Scenario #2 sounds vaguely familiar to me...  Let me see if I understand it right:  If I see a neighbor's hunger as *not* good for them, and in fact sent *from* God for their good, -and- my helping is the means by which the individual experiences God's help (or, conversely, my *not* helping limits God's ability to help them), then...  Wait, what?  This is a twisted logic, if you ask me.  I also don't think it is an accurate explanation for the heart and deeds of those who respond to hungry, needy people because of their faith in Christ.  Maybe there are some who fit this general description, but I don't think it is true of most.

    I'm beginning to question George MacDonald's theology, whereas I have had a wholly positive opinion of him up to now, based solely on Dr. Beck's and Patricia's recommendation of his writings.  I am, admittedly, confused.  No big deal, though; this is fairly par for the theological course for me.  :-)  ~Peace, brother.~

  33. That's all fine. You are where you are.

    I suppose I started this conversation to think through whether we, as non-Calvinists who let our feelings drive our theology, are actually missing part of what the church has learned about God. We rightly see God's love when God's love is relieving human suffering. But we may be too unable to see God's love when God's love is not relieving human suffering--may even be causing, or purposing, human suffering. I'll call this the "anaesthetic" view of God's love--suffering is always bad, God never causes it, that's what love means.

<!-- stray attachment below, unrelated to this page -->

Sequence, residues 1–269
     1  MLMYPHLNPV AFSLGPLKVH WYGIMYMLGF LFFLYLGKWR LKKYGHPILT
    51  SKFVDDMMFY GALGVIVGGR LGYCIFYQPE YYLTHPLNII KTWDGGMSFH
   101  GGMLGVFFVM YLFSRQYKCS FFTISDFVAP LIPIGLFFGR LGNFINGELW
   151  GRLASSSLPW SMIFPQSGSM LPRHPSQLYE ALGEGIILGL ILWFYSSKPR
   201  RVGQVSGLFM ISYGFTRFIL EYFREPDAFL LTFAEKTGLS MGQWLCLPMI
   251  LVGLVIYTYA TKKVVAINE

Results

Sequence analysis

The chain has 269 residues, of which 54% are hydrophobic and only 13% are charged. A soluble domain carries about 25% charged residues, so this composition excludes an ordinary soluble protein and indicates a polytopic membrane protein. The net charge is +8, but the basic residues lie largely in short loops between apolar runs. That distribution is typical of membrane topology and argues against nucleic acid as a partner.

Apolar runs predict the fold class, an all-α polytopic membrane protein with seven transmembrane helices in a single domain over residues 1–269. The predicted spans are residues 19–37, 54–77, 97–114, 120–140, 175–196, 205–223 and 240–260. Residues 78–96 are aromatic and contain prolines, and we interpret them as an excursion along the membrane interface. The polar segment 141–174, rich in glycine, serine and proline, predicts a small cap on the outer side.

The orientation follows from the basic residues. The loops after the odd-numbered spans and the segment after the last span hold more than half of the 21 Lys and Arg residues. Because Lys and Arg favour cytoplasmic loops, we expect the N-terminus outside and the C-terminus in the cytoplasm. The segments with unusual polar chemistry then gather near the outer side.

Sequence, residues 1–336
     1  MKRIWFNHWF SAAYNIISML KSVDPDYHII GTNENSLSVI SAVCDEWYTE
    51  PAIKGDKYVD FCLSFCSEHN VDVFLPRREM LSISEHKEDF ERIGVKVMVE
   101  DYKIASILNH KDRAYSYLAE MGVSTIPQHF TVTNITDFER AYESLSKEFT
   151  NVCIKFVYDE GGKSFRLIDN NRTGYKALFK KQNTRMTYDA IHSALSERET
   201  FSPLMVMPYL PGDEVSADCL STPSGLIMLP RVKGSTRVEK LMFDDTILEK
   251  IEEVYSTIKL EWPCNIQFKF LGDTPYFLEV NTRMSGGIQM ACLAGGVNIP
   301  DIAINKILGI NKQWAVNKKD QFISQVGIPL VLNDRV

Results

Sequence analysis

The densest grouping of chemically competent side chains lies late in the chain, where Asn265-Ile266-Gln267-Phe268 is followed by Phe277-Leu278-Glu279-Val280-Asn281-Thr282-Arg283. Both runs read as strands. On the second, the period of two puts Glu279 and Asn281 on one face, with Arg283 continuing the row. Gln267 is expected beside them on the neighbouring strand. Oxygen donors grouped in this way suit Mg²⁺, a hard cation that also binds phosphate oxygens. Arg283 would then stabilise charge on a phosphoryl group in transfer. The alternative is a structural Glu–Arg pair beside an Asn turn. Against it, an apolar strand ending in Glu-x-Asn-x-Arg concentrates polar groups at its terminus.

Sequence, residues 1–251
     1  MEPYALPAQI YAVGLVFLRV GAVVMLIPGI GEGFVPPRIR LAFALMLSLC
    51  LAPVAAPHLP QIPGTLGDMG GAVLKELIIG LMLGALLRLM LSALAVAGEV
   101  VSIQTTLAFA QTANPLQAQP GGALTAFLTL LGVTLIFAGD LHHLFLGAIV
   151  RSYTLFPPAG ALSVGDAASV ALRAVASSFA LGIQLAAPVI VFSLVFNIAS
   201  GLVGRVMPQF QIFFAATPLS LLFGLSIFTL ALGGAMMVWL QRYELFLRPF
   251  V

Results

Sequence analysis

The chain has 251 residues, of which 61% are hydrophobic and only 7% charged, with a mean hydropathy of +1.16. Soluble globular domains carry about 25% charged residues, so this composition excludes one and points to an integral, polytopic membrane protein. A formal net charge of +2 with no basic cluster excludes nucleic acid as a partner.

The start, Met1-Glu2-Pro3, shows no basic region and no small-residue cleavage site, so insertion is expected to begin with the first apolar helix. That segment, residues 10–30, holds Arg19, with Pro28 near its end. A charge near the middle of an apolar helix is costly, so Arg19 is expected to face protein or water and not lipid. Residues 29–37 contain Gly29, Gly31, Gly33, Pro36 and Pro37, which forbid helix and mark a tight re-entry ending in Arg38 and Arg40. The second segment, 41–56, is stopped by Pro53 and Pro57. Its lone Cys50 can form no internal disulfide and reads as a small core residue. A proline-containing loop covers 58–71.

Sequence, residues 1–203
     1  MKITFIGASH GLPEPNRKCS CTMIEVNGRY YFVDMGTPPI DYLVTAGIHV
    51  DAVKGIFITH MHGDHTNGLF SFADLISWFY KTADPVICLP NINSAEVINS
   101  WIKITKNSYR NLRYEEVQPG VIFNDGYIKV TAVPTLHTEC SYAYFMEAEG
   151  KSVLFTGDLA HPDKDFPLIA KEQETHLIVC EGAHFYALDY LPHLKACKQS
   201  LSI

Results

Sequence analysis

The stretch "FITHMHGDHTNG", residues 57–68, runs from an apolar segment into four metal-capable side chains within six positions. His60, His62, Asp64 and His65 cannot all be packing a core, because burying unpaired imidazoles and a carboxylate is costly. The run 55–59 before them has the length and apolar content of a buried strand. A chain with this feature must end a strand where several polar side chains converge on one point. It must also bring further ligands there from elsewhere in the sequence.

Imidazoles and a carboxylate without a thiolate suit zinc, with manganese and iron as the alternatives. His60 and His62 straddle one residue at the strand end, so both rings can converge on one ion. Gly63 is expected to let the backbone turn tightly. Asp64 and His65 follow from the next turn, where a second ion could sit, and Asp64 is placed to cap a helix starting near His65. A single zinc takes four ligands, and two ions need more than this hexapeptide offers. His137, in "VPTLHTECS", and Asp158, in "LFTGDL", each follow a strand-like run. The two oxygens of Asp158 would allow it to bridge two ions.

I respect those Christians (including most Calvinists, but also universalists like George MacDonald) who simply don't accept this--not with their minds, not with their guts. Again, there are some medical situations where doctors and surgeons (and physical therapists) know that "lack of suffering" and "good for the patient" are not synonymous. And our tendency to "feel" that suffering is always bad, that a treatment plan which involves suffering must be "cold and calculating," may be emotionally valid--but not the only view of the situation.

    So if we feel that God would never will human suffering, we can ignore Calvinists. We can ignore George MacDonald. We can ignore broad swaths of the Bible, and of Christian tradition. And we can intimate that all of those who thought otherwise felt wrongly--may even have been sociopathic.

    Or we can begin to suspect that there are things going on, in the love of God, that don't feel right to us. Of course, we should test this suspicion by asking ourselves whether the broad Christian consensus (that God can and does sometimes inflict suffering) makes us love our neighbor less. But I haven't found that it does, for some reasons that I tried to explain (however poorly) with the example of feeding the hungry. I have found that wrestling with the broad Christian-Biblical consensus might--might--actually work better, for my active love and my healthy passions and my holy emotions, then simply being content with my initial description of how I feel.